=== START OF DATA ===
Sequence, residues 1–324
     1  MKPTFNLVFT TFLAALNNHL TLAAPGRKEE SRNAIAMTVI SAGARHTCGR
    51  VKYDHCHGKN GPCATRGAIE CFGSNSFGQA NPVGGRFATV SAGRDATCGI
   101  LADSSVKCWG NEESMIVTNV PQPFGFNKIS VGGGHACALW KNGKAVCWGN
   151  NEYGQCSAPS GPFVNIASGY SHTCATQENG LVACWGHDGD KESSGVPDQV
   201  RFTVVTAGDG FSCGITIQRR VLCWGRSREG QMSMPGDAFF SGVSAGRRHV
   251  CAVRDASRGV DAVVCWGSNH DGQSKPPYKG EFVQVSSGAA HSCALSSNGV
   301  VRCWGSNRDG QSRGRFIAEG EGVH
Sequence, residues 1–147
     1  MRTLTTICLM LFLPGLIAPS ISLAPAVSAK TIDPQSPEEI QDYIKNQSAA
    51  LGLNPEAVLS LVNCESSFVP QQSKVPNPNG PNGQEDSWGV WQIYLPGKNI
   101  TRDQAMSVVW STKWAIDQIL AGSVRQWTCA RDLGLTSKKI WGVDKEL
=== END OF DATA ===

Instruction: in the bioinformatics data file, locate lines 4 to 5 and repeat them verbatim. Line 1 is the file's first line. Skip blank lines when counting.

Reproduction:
   101  LADSSVKCWG NEESMIVTNV PQPFGFNKIS VGGGHACALW KNGKAVCWGN
   151  NEYGQCSAPS GPFVNIASGY SHTCATQENG LVACWGHDGD KESSGVPDQV